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Resources for Book Studies: Basic Book Research

This page was created to support Book Studies courses and related activities.

Suggestions for beginning your book research

  • Familiarize yourself with the Title Page

  • Identify:   TITLE, AUTHOR, and WHEN, WHERE, and by WHOM it was published.  

  • Check the reverse of the title page for COPYRIGHT, EDITION, and other information

It takes practice learning to "read" title pages--most of us tend to only glance at them. You should also note what information you would expect to find but didn't--  

The earliest printed books (15th century) did not have a title page, but instead what is called a Colophon. The colophon included similar information to a title page along with additional information on the printing process and often included a printer's mark or device (trademark).  During the early print era, the printer was often the publisher, designer, and sometimes author and/or editor. 

Fine/private press books often have a colophon. Because fine press books reflect the techniques and materials of the early print era, a colophon is where the printer can share additional information about the book and bookmaking process.


In order to best describe your book, you will need to familiarize yourself with book anatomy.  See MSE's diagram, Wallace Bookbinding, Ullman Classics Library Preservation and Book Repair.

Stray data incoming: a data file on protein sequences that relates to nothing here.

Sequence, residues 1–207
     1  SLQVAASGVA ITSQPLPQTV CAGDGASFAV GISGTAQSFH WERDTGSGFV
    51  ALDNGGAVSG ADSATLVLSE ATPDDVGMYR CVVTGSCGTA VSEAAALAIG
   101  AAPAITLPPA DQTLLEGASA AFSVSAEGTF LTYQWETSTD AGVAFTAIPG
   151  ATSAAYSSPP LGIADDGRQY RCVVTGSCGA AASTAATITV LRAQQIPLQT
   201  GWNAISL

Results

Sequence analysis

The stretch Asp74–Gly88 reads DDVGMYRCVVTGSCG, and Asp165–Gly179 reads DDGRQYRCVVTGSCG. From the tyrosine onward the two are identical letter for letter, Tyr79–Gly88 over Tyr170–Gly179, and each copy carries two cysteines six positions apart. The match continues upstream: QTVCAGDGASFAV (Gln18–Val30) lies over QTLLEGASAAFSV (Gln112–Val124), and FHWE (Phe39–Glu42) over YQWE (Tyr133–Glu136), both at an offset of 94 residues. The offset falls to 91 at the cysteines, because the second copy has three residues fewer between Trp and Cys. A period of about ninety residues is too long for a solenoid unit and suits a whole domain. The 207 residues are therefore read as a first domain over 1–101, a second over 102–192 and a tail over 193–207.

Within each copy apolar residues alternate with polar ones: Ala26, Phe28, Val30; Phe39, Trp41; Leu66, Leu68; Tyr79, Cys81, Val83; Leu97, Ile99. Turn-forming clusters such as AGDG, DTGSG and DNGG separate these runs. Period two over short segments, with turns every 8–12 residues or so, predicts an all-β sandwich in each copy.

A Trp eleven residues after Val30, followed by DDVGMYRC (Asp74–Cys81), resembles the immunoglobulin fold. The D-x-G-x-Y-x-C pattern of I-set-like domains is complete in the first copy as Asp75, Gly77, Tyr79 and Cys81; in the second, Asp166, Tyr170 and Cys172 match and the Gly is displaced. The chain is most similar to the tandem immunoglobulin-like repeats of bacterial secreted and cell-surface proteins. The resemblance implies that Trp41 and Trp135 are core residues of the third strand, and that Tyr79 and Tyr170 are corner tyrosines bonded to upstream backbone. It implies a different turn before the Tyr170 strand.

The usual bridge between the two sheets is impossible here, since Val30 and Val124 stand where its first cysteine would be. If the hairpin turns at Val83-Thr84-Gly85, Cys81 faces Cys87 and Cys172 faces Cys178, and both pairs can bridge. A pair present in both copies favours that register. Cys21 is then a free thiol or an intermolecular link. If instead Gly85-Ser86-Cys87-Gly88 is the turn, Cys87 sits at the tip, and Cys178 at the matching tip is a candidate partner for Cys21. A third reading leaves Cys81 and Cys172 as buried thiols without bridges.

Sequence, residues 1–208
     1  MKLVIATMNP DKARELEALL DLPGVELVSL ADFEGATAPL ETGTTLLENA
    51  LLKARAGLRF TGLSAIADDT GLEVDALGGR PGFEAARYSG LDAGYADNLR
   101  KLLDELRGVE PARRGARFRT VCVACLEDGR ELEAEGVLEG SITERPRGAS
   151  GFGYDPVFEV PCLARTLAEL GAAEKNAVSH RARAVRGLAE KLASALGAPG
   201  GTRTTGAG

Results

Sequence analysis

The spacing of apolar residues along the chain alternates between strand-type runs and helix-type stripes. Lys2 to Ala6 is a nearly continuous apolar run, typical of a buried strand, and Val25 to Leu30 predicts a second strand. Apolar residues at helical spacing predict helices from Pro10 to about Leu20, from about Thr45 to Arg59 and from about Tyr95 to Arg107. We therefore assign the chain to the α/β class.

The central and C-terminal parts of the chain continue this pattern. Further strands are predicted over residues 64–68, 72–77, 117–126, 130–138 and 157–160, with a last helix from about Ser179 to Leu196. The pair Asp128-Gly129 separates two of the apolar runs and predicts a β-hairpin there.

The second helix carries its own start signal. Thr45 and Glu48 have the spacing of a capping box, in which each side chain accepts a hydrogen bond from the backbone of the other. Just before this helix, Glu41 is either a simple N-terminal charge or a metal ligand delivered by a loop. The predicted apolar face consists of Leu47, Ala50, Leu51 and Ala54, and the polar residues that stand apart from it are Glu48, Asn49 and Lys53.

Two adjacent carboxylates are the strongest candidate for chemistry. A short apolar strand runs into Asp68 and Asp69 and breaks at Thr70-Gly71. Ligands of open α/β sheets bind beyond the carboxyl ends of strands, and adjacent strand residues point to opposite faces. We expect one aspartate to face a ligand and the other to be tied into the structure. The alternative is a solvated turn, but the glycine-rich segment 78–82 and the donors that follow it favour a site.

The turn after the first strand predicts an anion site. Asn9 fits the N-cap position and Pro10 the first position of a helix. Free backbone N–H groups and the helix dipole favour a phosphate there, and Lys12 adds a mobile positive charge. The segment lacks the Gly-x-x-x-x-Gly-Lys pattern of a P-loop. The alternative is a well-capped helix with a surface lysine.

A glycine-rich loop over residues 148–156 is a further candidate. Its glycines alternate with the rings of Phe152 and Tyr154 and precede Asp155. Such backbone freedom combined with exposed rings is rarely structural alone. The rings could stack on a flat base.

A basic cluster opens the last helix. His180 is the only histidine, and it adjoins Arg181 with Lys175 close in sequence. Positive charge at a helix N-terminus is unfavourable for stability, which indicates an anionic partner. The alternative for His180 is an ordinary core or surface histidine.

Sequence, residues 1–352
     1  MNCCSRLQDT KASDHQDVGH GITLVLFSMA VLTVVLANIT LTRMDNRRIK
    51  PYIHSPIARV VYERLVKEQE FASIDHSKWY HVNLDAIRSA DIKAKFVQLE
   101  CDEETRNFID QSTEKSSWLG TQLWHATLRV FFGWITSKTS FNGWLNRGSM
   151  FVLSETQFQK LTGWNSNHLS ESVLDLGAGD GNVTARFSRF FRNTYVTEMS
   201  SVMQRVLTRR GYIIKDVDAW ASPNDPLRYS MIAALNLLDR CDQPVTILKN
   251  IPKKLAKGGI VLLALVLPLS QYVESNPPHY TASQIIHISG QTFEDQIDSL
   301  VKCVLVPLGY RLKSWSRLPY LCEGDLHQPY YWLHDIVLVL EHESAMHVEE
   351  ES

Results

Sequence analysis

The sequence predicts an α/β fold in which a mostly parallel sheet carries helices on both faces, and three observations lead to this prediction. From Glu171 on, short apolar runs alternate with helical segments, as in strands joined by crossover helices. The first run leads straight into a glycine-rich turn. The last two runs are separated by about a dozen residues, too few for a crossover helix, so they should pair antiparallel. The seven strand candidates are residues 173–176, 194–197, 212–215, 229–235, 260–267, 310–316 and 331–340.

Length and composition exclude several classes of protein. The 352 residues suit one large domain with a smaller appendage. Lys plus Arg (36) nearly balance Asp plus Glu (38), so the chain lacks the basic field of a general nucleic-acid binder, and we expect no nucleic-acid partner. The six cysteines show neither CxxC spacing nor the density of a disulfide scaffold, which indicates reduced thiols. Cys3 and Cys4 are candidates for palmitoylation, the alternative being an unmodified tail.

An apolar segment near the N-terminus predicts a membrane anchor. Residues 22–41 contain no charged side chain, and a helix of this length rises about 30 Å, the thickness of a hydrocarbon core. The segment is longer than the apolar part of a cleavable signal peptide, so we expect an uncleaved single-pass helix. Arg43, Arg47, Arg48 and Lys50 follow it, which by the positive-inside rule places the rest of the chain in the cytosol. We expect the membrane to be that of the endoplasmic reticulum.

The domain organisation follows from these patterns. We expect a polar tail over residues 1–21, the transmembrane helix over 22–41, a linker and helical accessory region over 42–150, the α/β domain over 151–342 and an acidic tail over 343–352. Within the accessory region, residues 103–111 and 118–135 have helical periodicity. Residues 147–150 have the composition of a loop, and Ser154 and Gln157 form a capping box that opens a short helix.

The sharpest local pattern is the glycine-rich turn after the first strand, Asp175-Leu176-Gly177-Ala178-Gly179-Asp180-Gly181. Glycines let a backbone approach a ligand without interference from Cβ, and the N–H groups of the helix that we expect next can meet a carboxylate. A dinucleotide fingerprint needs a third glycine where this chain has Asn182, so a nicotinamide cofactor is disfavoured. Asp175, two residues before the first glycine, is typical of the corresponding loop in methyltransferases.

Additional points of your book to study:

  • Printing method:  Hand- or mechanical-press:  we can discuss ways to identify this in class--date is usually a key indicator; however, FP books are often printed with a hand-press.

  • Paper

  • Typeface

  • Illustration

  • Binding

  • PRINTER - style, technique, aesthetics, what can you find out about them and why they printed your book. 

  • Front/End Matter:  Introductions, notes to readers, and so on

  • Copy-Specific:  provenance, signatures, bookplates, and more.

General Sources

Nicolas Barker & Simran Thadani. John Carter's ABC For Book Collectors. Oak Knoll Press, British Library. 2016. 8th Ed. Standard reference for bibliographical and other terms for rare books and antiquarian trade.   Available on line via ILAB in PDF format: https://www.ilab.org/sites/default/files/documentation_center/files/29_2_20abc_20forbookcollectors_20bob_20fleck.pdf

I have two copies in the SC&A Reading Room--one is the 9th illustrated edition.  Ref Z1006.C37 (2016)



Oxford Companion to the Book by Suarez, Michael   Publication Date: 2010  


Nancy Stock-Allen's Introduction to Graphic Design History.  Good background of different periods of printing history. The author has worked and taught in the rare books field for many years.  See sections 5 and 6.

http://designhistory.org/BookHistory_pages/Materials.html


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